Wind Turbines and the foolishness of subsidising them

About ten miles north of Ramsgate, in the middle of the Thames Estuary some 175 offshore wind turbines have been installed and are now operating, as wind turbines operate, in their own misunderstood fashion. If it is windy, and not too windy, the turbines generate electricity. The publicity claims that the wind turbines will generate enough electricity for 470,000 homes but the publicity is imprecise. There are only 22.5 million homes in the United Kingdom and to power them all will need another 50 arrays of similar turbines but unfortunately it is not as simple as that. Continue reading

How to Save on Fuel Bills: Solar Water Heating

The Government of the United Kingdom has announced that it will enact legislation to force energy companies to offer no more than four tariffs and to advise their customers of the cheapest tariff. At a time when energy companies are making record profits from record margins the change is long overdue. Sometime son energy companies will no longer be able to confuse customers with a plethora of tariffs and they will be forced to abandon the so called legacy tariffs under which someone that has not to time or to skill to understand that the tariff they are paying is ridiculously high. Continue reading

Get the Government to pay you for heating your home’s water with Genersys Solar

Just in time for the cold weather British Gas is raising its prices by more than 8% for gas and electricity consumed by domestic residential households. I had personally expected that shame would probably keep the big energy companies from holding back their price rises until after Christmas, but I was wrong. Continue reading

My Response to DECC’s Consultation on the Renewable Heat Incentive

I set out below the questions in the RHI Consultation together with my answers. I have underlined the questions.  Continue reading

Energy Prices Start to Rise

Just in time for the winter weather Scottish and Southern Energy will be raising their prices of domestic gas and electricity by about 9% from the 15th October 2012. More than five million customers will have to pay more for gas and electricity and in these days where inflation depending on what you spend is around 3% and where wage inflation is virtually non-existent, these energy prices rises will make it hard for many people to pay their energy bills. Come 2013 the average dual fuel customer will be paying nearly £1300 a year just to keep warm, was in hot water cook and keep the lights on and the appliances in power. Continue reading

Savings on Solar Water Heating Systems

I suppose that it is easy to by repeating things, give them an aura of the truth. I was at the Eisteddfod in South Wales, hugely enjoying visiting the stalls. I have never been to one of these events before and this one was like a combination of a music festival and an outdoor exhibition. It was well worth visiting especially as many exhibitors were showing items that they made themselves and which being handmade had the unique quality that comes of something special. Continue reading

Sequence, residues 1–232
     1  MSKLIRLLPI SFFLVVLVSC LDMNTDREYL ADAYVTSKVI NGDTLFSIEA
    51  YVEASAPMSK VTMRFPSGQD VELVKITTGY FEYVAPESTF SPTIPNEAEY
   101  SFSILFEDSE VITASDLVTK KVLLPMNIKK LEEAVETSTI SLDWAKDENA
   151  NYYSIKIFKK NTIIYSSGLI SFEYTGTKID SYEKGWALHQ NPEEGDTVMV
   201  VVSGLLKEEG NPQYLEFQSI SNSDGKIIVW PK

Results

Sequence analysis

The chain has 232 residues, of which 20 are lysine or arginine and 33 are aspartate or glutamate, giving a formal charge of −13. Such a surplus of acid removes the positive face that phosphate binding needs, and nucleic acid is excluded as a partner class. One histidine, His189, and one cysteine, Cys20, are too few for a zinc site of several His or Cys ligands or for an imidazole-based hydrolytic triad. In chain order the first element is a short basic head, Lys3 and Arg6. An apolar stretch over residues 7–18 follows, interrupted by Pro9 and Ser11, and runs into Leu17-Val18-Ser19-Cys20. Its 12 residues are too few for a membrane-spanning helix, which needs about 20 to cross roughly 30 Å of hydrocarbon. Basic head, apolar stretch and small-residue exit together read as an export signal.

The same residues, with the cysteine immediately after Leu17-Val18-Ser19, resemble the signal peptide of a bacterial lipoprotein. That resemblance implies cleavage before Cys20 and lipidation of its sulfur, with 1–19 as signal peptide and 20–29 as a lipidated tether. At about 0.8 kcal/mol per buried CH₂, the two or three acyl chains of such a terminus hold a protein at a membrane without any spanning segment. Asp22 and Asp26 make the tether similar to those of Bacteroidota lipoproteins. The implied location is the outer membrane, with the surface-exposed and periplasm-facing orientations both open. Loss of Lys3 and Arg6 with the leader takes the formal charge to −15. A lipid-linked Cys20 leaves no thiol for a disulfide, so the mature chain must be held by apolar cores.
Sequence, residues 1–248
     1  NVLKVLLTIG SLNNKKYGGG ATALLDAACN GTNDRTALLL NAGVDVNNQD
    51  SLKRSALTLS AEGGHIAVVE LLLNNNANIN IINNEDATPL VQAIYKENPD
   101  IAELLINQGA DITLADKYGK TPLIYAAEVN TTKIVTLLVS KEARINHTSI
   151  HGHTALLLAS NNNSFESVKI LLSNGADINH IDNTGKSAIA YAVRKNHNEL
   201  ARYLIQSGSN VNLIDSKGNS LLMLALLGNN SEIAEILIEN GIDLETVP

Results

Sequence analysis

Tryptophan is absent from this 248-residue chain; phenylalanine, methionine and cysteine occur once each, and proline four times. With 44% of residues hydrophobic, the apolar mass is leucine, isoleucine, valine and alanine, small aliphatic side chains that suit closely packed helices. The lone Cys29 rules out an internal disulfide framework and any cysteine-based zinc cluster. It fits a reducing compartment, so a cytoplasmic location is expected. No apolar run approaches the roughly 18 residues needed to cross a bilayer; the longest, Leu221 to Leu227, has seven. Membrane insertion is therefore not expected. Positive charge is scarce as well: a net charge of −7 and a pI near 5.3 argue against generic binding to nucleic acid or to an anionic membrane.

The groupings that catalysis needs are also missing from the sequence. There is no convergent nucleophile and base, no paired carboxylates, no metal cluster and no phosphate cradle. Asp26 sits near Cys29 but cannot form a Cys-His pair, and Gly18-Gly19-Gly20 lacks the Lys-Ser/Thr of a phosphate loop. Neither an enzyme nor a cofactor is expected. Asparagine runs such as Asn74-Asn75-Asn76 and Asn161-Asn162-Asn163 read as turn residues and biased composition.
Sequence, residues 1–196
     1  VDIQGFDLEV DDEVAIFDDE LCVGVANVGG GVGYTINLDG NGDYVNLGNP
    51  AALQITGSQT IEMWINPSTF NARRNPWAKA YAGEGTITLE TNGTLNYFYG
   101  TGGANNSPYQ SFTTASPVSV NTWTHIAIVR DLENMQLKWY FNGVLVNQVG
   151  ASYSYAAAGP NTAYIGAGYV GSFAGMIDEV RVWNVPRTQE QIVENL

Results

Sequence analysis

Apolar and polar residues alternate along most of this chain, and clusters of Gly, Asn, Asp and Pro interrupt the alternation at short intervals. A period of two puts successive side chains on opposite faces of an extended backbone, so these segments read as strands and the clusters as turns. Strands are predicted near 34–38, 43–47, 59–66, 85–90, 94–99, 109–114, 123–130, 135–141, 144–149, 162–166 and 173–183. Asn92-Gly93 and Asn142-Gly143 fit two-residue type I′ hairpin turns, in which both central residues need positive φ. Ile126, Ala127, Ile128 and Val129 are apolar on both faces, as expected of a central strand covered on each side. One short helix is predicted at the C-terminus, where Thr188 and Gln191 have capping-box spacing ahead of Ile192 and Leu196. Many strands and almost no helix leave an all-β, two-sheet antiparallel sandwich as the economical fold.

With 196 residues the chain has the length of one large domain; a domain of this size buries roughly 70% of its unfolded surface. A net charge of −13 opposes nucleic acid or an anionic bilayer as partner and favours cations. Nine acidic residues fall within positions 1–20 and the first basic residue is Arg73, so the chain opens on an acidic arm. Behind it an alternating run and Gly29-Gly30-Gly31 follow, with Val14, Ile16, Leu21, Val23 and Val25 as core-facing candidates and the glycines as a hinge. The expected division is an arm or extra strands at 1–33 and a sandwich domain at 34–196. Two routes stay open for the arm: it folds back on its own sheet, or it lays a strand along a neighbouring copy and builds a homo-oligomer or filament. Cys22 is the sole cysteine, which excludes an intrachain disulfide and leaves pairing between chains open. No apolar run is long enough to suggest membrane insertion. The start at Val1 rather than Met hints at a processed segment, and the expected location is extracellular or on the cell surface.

Air Unfit for Purpose

London has the worst air quality of any European capital, to our shame. It air is contaminated by diesel particulates, nitrous oxide, in some places heavy concentrations of carbon dioxide and all sorts of other pollution caused by burning. Londoners burn fuel to power their vehicles, gas to provide heat and hot water, and coal and gas to provide the electricity that the city uses. Considering that there are no power stations in London, no heavy industry in London and very little light industry in London it is astonishing just how much the air quality is made bad by what is basically a city where most of the working inhabitants are providing services of one kind or another, rather than being manufacturing workers.

There seems to be a strange reluctance by the national or local government to do anything to improve London’s air quality. The United Kingdom is bound by European legislation to keep air quality within certain limits and the regulations that have created these limits have been in force for many years. It is not just London that suffers from poor air quality; the UK government has applied for exemptions from complying with the air quality regulations for Aberdeen and north-east Scotland, Belfast, Birkenhead, Brighton, Bristol, Liverpool, Preston, Sheffield, South-West England; South Wales, Swansea and Tyneside and the exemptions have all been refused by the European Commission.

The refusal to do anything substantive about air quality except apply for exemptions will mean that in addition to bearing the £20 billion a year additional health costs caused or contributed to by poor air quality, the UK taxpayer will have to cough up substantial fines for the Government’s failures on air quality. It is a lose-lose situation. Everyone loses except the European Commission which will gain some fines and no doubt use the fines as purposefully as it uses its other income.

The health care costs are significant. Some years ago I was asked to umpire a cricket match played by twelve year olds in South Wales. I was astonished when four of the children came up to me before the start of the match and ask me to look after their inhaler devices for asthma. I had not understood that air quality was affecting the very young so badly.

There are three main government measures about London’s air quality and the air quality of the nation:-

1. The Clean Air Acts, brought into being in the early 1950s which prohibit the burning of coal and smoke type fuels

2. The Low Emission Zones, under which polluting vehicles are charged because they pollute, but not prohibited from being on the road because they pollute beyond levels that are acceptable.

3. Subsidies for electric cars, which simply displace the emissions and pollution from the city to the power stations.

To improve air quality we have to change people’s behaviour. My suggestions are:-

1. Free public transport, which will take many cars off the road

2. Improved public transport which will take even more cars off the road

3. More solar water heating which will reduce particulates from burning natural gas

4. Tighter smoke washing controls on fuel burning power stations.

These measures will be costly, but we can pay for the costs out of the savings of health expenditure and out of taxation. After all the air is free, but there is a cost to keeping it clean. The air we breathe must be rendered fit for its purpose.

 

A Commentary on the Renewable Heat Incentive